UNN: Gov. Tony Evers and Lt. Gov. Mandela Barnes introduced a package of nine bills on June 19 aimed at reforming police transparency and accountability in response to ongoing protests over the murder of George Floyd. Do you believe this package does too little? Explain. 

Amani Latimer Burris: I support Governor Evers and Lieutenant Governor Barnes, and I know it is a complex issue that doesn’t have a simple or neatly packaged answer. Again this is an issue that requires more than a tagline or doing a photo op. It requires deep thinking and a willingness to go beyond yourself and into another  person’s world.  

The bottom line is we have to work on this and a whole host of issues including social justice reform and equity, policing, implicit bias and the criminal justice system. As an African-American, as a Black mama in America, I get it and I’m ready to work on it because these issues have plagued us forever. It’s time.  

This is why diversity matters, not just for the sake of diversity, but because, as a former small business owner I know that the best solutions are found in diversity.  We have got to get beyond taglines, photo ops, policy pundits and into real life.

UNN: Funding for K-12 education is an ongoing issue in Wisconsin, now exacerbated by the need for virtual learning due to COVID-19. What do lawmakers need to pass to ensure that low income students in your district are not left behind?

Amani Latimer Burris: Take a look at what you would need if you were in that position and find a way to fund it.  On a policy level, we can work to balance out aid to all schools by looking for ways to offset under advantaged schools. That is, working to support urban and rural schools which for various reasons may not have the tax base to support funding initiatives. This sharing, if you will, strengthens Wisconsin’s schools on the whole and creates better cities which creates better economic stability for all Wisconsinites.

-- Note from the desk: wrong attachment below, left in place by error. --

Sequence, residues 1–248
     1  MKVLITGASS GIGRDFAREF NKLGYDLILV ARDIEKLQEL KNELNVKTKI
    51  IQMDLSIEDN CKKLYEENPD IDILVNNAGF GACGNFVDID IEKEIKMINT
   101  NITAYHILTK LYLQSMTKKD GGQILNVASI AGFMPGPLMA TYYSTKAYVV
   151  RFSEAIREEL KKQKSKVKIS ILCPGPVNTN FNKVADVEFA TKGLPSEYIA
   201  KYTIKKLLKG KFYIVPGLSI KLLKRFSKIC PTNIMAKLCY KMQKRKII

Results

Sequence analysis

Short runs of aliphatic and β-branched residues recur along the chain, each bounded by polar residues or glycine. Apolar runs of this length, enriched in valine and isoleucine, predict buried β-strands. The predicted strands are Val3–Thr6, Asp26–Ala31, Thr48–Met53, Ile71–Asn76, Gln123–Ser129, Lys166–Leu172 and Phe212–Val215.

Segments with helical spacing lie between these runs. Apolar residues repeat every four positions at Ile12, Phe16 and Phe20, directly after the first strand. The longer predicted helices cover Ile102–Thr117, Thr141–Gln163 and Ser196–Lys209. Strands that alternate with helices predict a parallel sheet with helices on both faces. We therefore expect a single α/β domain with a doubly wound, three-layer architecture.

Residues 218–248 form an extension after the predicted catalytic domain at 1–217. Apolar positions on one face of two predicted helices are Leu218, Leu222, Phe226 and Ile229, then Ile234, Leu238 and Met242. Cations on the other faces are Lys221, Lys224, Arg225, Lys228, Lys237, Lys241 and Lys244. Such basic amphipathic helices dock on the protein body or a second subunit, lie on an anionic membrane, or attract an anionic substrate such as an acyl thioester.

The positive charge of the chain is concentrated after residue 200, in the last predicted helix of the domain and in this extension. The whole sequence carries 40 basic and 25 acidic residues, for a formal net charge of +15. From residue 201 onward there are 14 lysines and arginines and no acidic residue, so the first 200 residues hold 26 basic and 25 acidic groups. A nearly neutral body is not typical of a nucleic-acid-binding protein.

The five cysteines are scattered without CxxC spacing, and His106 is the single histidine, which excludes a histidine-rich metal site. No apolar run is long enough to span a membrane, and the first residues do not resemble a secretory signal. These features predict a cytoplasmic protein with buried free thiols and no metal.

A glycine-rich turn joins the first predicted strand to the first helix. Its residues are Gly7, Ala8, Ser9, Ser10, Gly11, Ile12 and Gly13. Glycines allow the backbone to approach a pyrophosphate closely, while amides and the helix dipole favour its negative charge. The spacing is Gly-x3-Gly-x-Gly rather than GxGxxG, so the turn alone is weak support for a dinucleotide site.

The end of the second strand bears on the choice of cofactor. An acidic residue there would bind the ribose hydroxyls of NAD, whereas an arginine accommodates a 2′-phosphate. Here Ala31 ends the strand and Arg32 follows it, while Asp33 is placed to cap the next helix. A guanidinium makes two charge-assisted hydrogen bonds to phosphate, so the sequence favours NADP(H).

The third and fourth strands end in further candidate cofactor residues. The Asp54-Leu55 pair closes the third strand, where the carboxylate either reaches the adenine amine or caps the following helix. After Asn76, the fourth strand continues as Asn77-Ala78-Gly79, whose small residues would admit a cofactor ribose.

Additionally, we can start working, now, on initiatives to change the way the school budgets are effectively controlled by the legislature so that financial decisions (driven by revenue and spending) are controlled on a local level, rather than the state. In short order, schools can do what is best for the constituents who have to live with the decisions that are made for them.

UNN: Your district includes a portion of Dane County, which has the highest infant mortality rate for Black babies in the country. What could you do as a member of the Legislature to begin to address this problem?

Amani Latimer Burris: As senator, given that this issue impacts people in my community,  I know that I can work to bring awareness and understanding just by being myself. That is Amani.  

In the past, there have been programs, operating on a smaller scale that have worked but were cut because of funding. We can take a look at those programs, work with our partners to assess and understand the data, talk to the experts and also talk to the people impacted by the issue (and those people who have worked on the issue or understand the issue in real life) to come up with workable solutions. This requires an advocate who understands the issue and can work to build coalitions.  I will do that – I will be that advocate.